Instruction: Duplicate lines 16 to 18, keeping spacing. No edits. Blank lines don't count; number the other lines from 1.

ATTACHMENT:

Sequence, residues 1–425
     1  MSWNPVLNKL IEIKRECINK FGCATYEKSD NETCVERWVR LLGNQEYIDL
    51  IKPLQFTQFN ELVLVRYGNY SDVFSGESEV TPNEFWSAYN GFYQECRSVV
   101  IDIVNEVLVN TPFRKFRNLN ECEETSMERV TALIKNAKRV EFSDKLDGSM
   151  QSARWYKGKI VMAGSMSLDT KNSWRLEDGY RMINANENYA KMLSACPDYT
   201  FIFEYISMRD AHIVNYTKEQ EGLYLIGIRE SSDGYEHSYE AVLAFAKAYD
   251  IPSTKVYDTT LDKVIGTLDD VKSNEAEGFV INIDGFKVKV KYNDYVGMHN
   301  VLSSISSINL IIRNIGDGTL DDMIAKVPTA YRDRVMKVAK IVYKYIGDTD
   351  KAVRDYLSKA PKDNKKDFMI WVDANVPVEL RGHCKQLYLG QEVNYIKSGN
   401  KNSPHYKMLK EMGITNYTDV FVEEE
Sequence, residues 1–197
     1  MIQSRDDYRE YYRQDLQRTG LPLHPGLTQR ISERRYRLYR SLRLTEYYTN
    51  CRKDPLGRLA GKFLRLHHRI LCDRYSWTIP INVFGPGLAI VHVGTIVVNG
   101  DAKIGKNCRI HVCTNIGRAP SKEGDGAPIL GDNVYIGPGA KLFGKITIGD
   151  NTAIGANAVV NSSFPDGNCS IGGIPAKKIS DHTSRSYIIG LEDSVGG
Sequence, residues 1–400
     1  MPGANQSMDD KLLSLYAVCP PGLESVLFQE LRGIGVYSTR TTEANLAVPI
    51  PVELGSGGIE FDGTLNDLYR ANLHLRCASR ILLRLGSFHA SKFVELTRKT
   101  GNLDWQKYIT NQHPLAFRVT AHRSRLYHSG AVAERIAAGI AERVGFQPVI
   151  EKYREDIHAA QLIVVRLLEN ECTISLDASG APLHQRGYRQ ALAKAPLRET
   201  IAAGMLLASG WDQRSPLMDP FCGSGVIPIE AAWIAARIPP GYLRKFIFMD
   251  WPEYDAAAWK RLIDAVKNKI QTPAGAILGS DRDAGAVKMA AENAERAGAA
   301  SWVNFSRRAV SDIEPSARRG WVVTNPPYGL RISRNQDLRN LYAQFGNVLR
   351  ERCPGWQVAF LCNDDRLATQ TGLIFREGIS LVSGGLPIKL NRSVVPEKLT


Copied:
Sequence, residues 1–400
     1  MPGANQSMDD KLLSLYAVCP PGLESVLFQE LRGIGVYSTR TTEANLAVPI
    51  PVELGSGGIE FDGTLNDLYR ANLHLRCASR ILLRLGSFHA SKFVELTRKT